While inspection is the first step in quality containment, it shouldn’t be the final one. The goal of a good containment plan is to uncover the root cause of a problem, not just to treat the symptoms. The sooner you can implement corrective actions, the better.
At the same time, the longer inspection drags on and containment efforts are required, the more cumbersome the issue becomes for your quality team. If your SQA Engineer is spending most of their time managing inspections, they don’t have time to evaluate process, iterate on previous changes, and implement improvements that can help create value for the organization. And if you’re not addressing the root cause of a quality issue, what’s to stop a new one from cropping up in the future?
To avoid this permanent state of inspection, here are several important elements to keep in mind.
Final Process Alignment
For a containment plan to be successful, it’s vital that both the manufacturing company and the containment team are fully aligned on all Tier 1 and OEM criteria and requirements for the inspection process. This alignment includes:
- Final goals for the duration of the engagement between the two parties.
- The metrics by which success will be measured throughout the engagement.
- Expectations for both parties in terms of communication and execution on process changes.
- How the containment team will work with existing quality team members and inspectors (if there are any existing contractors in place).
- Requirements by OEMs to which a company supplies parts and how that impacts inspection.
- Real catch rate based on the inspection method
- Other parts that could have the same defect (it’s possible other parts have the same risk for defect but have not yet been identified).
There are several important elements that help to ensure full alignment. Even in an emergency project where speed is of the essence, a well-prepared containment company will have much of this outlined in advance to help expedite the execution of a plan.
Successful containment should simultaneously address the immediate issue that is disrupting the supply chain and help develop a prevention plan that identifies and minimizes the risk of new issues. This can be done through:
- Data analysis that evaluates the impact of previous efforts and new processes as they are implemented.
- Process review that takes into account both internal and external factors, including training, technology use, and inspection effectiveness.
- Engagement of leadership across departmental silos to both communicate and facilitate change.
The goal of a prevention plan is to ensure future issues don’t recur and to uncover potential issues that might lead to new quality disruptions. A proactive approach can help alleviate the need for further inspection.
Redundant Inspection Plans
In some cases, if there are quality concerns with individual suppliers, either due to past performance or because of a persistent issue, redundant inspection may be needed. This can help isolate the customer from receiving non-conforming parts. This would be in addition to normal controls in the inspection process.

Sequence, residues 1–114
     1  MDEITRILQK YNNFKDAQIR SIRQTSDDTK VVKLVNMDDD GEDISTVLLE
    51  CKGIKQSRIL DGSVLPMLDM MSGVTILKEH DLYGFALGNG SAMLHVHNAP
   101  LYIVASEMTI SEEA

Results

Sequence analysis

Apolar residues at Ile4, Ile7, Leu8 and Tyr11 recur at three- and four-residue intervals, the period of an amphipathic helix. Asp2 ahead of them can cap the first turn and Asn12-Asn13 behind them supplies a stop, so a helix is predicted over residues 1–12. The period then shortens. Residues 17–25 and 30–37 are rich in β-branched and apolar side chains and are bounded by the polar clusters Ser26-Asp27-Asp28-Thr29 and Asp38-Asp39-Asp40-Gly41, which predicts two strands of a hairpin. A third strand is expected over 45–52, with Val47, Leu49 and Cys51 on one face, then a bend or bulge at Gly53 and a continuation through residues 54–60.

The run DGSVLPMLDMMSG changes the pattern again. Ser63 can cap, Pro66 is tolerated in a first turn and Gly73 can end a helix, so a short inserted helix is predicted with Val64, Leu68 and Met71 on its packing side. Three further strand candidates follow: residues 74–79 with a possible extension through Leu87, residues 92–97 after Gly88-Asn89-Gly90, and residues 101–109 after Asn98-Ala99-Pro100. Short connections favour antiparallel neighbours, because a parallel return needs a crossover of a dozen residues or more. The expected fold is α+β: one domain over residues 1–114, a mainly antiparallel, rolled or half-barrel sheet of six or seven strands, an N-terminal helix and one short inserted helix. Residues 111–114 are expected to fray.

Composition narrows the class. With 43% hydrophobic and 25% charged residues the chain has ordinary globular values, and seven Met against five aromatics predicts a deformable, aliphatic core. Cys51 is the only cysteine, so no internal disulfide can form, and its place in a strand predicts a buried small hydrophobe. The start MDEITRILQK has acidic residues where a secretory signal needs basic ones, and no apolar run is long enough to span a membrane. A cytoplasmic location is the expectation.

To avoid this becoming a permanent process, containment and proactive efforts may be required directly with the supplier, helping to address, remove, and prevent non-conforming parts in the future.
Emerging Issues and Alert Processes
A process should be in place so that when there is a new quality disruption, it can be addressed as quickly as possible. This system ensures standard work is applied to both suppliers and internal operations for communication of emerging quality issues. Considerations include:
- A clear path for identifying quality issues before they reach your facility.
- A means by which to quickly communicate with a supplier if a quality issue is detected.
- Geolocation technology to capture the location of specific issues both internally and with a supplier.
- A scale by which to measure and report the severity of a quality issue and the materials involved.
- Technology and tools to quickly communicate with anyone in the organization so that supply is not disrupted.
The faster a quality issue is identified, communicated to all involved parties, and addressed, the smaller impact it will have. This also helps to get inspections started sooner and ideally finished in full to return to normal operations.
Building a Containment Plan that Fixes the Problem
The sooner you shift your perception of containment from “band-aid” to “analysis and execution” you will start to see a greater return on your time investment. Your goal should be the reduction of recurrence of quality issues, and overall getting back to full production faster to reduce the impact on your company’s bottom line.
Traditional containment isn’t designed to do this. Many companies are purely reactionary and don’t always have the experience needed to deal with a complex process that involves an entire supply chain.
PTI’s Quality Services Platform is designed to leverage Industry 4.0 technology and provide a more comprehensive, start to finish containment process that uncovers root causes, proactively helps avoid future issues, and generates value throughout your organization. Learn more about what a successful containment plan looks like in such a system in our eBook: